With most coronavirus restrictions in Spain already lifted, the country marked its national day on Tuesday with a large military parade.
King Felipe VI watched as more than 2,600 servicemen and women with 215 vehicles paraded past him in the centre of the capital.
In the sky, 68 fighter and transport planes as well as air force helicopters flew low over Madrid.
The celebration was held under the motto "Service and Commitment."
The 'Dia de la Hispanidad' marks the arrival of Christopher Columbus in America in 1492 and the common roots of the Spanish-speaking world.
In several Latin American countries, the holiday has since been abolished or, as in Argentina, renamed "Day of Respect for Cultural Diversity."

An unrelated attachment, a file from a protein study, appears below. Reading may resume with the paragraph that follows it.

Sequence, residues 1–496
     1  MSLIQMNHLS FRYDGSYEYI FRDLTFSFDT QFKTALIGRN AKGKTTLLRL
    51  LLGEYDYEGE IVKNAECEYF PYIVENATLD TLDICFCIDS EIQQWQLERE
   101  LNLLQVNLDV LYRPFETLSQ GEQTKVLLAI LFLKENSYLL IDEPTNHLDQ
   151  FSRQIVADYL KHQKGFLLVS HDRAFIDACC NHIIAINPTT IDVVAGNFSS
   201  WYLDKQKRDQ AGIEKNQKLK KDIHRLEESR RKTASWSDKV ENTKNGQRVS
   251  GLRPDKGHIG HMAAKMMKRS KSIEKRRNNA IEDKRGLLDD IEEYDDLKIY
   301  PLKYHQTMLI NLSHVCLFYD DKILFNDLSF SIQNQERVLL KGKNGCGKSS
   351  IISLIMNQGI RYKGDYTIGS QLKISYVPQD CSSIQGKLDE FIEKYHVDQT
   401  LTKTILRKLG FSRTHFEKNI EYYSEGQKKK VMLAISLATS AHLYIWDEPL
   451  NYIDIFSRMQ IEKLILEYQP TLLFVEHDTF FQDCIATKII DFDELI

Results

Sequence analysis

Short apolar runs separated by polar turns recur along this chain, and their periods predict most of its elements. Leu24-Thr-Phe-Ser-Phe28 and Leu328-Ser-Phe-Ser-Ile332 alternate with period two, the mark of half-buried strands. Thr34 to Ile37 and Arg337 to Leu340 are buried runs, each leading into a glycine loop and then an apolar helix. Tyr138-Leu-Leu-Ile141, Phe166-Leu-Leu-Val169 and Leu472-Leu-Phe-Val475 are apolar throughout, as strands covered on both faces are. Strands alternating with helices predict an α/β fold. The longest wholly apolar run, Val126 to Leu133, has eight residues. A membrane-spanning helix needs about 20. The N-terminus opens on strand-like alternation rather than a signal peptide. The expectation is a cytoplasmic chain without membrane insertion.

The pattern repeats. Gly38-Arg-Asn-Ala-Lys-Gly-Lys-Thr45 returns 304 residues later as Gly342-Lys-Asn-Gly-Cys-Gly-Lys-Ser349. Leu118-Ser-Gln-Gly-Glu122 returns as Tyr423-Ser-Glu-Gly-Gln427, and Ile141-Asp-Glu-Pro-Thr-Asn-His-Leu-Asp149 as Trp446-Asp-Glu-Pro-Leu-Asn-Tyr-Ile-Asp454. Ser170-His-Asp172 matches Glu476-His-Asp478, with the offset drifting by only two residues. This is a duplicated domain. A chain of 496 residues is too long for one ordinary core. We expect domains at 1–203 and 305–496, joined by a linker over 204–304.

Whistles and boos
Spain's left-wing head of government Pedro Sanchez also took part in the ceremony in Madrid.
As is often the case during joint appearances with the king, Sanchez was met with whistles and boos from the ranks of the more conservative spectators.
Last year, with the coronavirus outbreak still raging, there was only a small ceremony presided over by the king and without the public.
Now, the seven-day incidence rate of infection has dropped to about 20, almost 78% of the population has been fully vaccinated against Covid-19, and only 5.5% of all beds in intensive care units are still occupied by coronavirus patients.